Silence is a finicky thing. In the forest, silence is a beautiful thing. After a sales pitch, silence is long and uncomfortable. After a gospel presentation, silence is heartbreaking. Silence combined with deadness of face, just for a second, was the worst experience I’ve felt in a long time.
Two young women sat in my office. They both seemed capable, intelligent, and easy-going. They were also missionaries of the Church of Jesus Christ of Latter-Day Saints (often known informally as the Mormon Church). In a later post, I may talk about the LDS Church more generally. But when I had the opportunity to meet with these women, I didn’t meet with them to try to disprove Mormon doctrine. I did it to reach them with the true Jesus.
At the end of only our second meeting, I laid that out to them plainly. I told them, nearly with tears in my eyes, they followed a false gospel and needed Christ alone to be saved. I hate conflict and tension, but I cared more about their souls than my discomfort.
What followed was the worst silence I’ve endured.
Their lack of facial expression shouted that they’d heard this before. The absence of words may only have been because they were stunned at how emotional I was. One of them finally broke the silence with an even worse sound: “We get it. We’re right there with you.”
They didn’t get it. They thought their Jesus was the one I was talking about. They so clearly didn’t get it. Our time was up, and they had another meeting to get to. I asked my friend sitting in on the meeting to walk them out because I couldn’t find the strength to stand up. I thanked them for meeting with me, then I hit my knees as soon as they left. I begged God that something I said would stick with them, just bother them enough to look more into it. But I knew it might not.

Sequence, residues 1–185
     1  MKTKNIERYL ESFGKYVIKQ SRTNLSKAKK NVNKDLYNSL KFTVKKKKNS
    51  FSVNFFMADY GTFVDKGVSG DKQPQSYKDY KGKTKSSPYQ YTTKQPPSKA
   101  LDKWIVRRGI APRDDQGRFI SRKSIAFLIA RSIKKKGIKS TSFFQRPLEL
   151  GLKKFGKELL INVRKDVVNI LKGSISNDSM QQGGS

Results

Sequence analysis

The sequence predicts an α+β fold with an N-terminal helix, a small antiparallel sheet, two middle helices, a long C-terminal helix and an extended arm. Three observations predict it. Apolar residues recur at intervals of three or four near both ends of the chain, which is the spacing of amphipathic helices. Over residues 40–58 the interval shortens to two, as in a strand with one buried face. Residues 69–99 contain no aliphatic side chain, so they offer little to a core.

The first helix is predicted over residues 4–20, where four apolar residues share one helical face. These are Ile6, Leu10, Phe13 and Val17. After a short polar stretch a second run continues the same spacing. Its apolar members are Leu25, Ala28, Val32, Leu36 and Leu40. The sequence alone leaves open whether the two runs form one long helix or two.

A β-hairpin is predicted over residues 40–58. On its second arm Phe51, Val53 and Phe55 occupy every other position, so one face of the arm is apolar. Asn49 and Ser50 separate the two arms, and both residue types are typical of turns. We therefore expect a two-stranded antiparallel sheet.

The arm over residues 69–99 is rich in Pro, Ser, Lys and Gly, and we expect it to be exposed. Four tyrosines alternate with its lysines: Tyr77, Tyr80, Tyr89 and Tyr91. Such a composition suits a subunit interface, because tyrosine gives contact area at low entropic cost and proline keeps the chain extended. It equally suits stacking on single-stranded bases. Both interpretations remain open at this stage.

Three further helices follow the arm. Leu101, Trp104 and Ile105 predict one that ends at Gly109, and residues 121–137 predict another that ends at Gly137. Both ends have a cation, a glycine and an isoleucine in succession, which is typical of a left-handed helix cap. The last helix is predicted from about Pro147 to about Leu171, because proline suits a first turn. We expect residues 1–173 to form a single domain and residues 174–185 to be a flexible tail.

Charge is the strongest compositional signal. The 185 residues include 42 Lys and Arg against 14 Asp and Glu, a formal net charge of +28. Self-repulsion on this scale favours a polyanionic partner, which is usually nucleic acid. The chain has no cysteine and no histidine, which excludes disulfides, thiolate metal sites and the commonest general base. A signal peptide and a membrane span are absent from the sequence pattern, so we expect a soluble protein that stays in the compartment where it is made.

So what is a Christian to do after that? I knew I shouldn’t expect immediate sackcloth-and-ashes repentance—but blank stares? “We’re with you”? If the Holy Spirit was dwelling in me, why couldn’t they see it and feel it?
I know I’m not the first to experience these feelings.
When I was an atheist, I’m sure my parents went through this trying to save their son. Countless friends, families, and loved ones have presented the gospel to others without seeing fruit. To find hope in these scenarios, I went to the passage in Hebrews below.
The former priests were many in number, because they were prevented by death from continuing in office, but [Jesus] holds his priesthood permanently, because he continues forever. Consequently, he is able to save to the uttermost those who draw near to God through him, since he always lives to make intercession for them. (Heb. 7:23-25, ESV)
We are more similar to these former priests than we may like to admit. True, they lived under an old covenant, and we live under Christ’s new covenant. But we share many of their deficiencies. I’ll explore those deficiencies for a moment before coming back to how Jesus overcomes all of them.
Like the former priests, we only have a short time on earth to minister.